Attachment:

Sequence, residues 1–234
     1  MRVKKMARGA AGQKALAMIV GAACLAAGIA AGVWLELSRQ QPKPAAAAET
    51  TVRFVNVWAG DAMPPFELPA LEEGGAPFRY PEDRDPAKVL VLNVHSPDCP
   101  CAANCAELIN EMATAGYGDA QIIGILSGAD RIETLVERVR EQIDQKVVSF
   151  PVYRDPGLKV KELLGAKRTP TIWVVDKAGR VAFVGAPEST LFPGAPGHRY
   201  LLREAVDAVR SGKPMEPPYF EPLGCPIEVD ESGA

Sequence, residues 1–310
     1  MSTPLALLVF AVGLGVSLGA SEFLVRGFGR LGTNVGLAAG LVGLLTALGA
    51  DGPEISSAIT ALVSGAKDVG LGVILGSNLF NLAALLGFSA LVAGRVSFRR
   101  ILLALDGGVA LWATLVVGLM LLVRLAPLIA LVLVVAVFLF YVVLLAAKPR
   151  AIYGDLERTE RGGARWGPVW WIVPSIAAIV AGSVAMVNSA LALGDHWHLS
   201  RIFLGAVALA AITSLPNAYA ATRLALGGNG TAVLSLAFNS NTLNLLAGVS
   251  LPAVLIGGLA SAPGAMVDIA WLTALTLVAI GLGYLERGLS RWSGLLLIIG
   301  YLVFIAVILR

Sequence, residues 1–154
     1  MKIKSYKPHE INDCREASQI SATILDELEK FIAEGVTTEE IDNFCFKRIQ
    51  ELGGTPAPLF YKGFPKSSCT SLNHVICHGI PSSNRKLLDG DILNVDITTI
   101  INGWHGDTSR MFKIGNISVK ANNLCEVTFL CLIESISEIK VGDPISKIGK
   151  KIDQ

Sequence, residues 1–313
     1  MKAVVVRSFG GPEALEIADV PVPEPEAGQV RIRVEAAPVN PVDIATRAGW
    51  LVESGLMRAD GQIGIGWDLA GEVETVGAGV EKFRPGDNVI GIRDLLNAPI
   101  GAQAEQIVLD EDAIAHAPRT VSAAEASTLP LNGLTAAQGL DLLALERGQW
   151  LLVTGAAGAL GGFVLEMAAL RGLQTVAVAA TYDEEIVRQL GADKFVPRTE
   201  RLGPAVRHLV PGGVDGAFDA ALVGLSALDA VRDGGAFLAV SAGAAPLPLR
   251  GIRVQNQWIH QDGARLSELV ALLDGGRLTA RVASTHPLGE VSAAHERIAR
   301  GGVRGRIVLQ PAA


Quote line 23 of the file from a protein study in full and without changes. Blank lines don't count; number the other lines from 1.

   101  GAQAEQIVLD EDAIAHAPRT VSAAEASTLP LNGLTAAQGL DLLALERGQW